Giving thanks is a struggle this year.
In the past 12 months we have been struck by three body blows from Mother Nature: the South Asia tsunami, Hurricane Katrina on the U.S. Gulf Coast, and the Kashmir earthquake. In each case, the destruction wrought by nature was exacerbated by a lack of foresight and criminal negligence on the part of governments. In each case, the suffering is ongoing.
Taken individually, each is a tragedy. Taken together, they are unimaginable. Numbing.
Yet we do not have the luxury of numbness, for every day the dimensions of two interlinked crises — the disruption of global climate and the exhaustion of the world’s primary energy source — become more clear. These crises portend disasters like those we’ve seen this year, ever more frequent and more severe. Still the world’s governments stumble forward with shameful disregard, shackled by habit, by ignorance, by greed, content on some level that they will not have to weather the worst of it.
It is a particularly bitter year for those of us in the U.S. We continue to see our nation’s reputation and credibility eroded by a series of foreign policy blunders. We are in a position to lead the word to a cleaner, healthier, more prosperous future — yet instead we find ourselves mired in a debate about the legitimacy of torture. We spurn all efforts to address climate change. We burn heedlessly through the world’s remaining oil. We wage war.
When confronted with the three epic natural disasters of the past year we have displayed a parsimony that borders on the repugnant.
In the hills and mountains of Northern Pakistan, hundreds of thousands of penniless, hungry men, women, and children sleep in tents, their houses and lives reduced to rubble, waiting the coming of a harsh winter that a horrific number of them will not survive. Yet the U.N. has been able to raise less than $300 million to help them — as much as we spend in a few days in Iraq, a negligible rounding error in our GDP. Already they have begun to die.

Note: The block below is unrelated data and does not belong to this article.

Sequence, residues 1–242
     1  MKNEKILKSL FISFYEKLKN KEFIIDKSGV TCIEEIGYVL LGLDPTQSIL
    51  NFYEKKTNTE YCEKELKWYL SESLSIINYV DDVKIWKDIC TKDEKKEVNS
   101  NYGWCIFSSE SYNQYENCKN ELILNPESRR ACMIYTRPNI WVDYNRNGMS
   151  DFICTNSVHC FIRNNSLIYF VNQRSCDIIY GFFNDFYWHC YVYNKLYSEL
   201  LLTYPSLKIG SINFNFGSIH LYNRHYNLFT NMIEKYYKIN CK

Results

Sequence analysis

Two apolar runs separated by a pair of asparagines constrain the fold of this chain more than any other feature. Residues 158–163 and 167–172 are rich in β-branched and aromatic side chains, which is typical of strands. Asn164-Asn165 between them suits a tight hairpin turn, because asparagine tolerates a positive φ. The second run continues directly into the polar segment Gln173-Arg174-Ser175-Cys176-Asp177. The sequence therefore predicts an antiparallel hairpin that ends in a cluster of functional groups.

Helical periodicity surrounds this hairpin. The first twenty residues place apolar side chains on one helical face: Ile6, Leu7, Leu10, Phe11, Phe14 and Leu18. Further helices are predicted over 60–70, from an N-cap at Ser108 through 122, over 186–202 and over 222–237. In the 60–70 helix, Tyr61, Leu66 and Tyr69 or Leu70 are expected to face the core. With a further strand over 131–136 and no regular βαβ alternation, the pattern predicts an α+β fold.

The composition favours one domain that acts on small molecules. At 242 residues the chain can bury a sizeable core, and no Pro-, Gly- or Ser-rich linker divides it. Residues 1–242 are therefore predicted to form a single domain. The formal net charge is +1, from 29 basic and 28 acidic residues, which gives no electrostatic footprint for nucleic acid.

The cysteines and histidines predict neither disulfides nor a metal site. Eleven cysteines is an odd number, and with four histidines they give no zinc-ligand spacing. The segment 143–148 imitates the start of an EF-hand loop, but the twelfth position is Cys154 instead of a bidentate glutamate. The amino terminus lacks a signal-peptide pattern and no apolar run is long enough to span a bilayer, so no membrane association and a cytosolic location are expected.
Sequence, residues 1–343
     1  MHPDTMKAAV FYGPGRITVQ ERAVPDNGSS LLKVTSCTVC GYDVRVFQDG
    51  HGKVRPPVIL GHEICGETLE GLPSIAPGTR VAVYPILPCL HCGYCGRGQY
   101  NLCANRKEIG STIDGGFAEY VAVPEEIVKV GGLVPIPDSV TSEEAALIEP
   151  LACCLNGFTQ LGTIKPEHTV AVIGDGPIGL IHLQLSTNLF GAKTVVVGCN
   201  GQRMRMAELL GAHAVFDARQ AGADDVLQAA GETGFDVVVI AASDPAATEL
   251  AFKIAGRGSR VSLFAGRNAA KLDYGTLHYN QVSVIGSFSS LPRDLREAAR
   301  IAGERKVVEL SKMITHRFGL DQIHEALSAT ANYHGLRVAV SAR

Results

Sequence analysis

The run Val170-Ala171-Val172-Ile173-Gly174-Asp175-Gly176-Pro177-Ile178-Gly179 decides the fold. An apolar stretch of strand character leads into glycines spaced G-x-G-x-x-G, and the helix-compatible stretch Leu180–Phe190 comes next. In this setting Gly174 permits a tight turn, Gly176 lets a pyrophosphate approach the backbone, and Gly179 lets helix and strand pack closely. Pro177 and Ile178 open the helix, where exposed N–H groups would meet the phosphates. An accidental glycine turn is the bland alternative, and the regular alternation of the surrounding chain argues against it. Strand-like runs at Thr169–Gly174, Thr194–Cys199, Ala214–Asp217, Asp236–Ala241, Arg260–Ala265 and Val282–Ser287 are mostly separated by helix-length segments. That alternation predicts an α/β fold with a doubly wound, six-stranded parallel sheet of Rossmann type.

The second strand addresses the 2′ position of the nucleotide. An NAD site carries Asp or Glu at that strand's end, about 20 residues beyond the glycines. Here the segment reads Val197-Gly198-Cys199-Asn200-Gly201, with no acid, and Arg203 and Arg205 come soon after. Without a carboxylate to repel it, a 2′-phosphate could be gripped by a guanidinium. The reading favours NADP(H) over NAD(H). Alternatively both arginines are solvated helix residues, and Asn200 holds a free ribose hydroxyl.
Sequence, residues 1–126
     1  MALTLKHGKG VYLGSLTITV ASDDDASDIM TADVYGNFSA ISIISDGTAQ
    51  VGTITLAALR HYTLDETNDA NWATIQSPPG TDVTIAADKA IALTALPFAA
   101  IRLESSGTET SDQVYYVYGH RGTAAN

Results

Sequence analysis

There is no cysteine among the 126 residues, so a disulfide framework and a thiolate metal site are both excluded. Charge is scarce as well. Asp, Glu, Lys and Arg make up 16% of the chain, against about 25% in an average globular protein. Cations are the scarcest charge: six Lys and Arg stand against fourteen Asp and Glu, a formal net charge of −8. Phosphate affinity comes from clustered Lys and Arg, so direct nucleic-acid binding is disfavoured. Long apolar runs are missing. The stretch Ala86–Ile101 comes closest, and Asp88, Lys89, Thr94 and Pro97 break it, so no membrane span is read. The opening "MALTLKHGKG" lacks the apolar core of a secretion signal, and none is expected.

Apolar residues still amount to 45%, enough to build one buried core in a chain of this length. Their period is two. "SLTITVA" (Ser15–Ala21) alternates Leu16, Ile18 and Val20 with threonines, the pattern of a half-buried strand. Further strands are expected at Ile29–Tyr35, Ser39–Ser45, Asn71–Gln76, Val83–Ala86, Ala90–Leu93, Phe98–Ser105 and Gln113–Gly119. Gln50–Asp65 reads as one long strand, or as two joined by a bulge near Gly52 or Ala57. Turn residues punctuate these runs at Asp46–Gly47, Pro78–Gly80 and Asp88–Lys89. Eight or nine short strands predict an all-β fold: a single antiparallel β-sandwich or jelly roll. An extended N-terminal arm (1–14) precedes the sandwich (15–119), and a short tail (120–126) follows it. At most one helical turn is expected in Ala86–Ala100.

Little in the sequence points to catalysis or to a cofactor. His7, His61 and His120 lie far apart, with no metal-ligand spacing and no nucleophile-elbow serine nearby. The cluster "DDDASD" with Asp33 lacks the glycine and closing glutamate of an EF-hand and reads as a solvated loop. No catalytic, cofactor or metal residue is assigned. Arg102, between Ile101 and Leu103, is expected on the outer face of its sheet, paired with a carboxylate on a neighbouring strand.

On 9/11/01, one kind of malaise breached our shores; this hurricane season, another did. Our isolation from the world’s struggles, our glorious island, is falling away. We will soon have to accept the challenge of forging a better, more equitable, more sustainable future, or we too will see ours sink into strife and misfortune.
So it is difficult to search our hearts for gratitude, in a season of darkness, for bearers of light that seem ever more scattered and overwhelmed. But bearers of light there always are, in governments, in businesses, in schools, in communities across the world. We all know of them. Now more than ever we are called to give thanks for them, to support them — and to join them.
For my part, I am acutely conscious of the blessings I enjoy, my privileged place in a shrinking world. So above all I give thanks for my family, my wife and my two boys, who at the end of every day I spend studying the globe’s ill health await me at home with warmth and joy.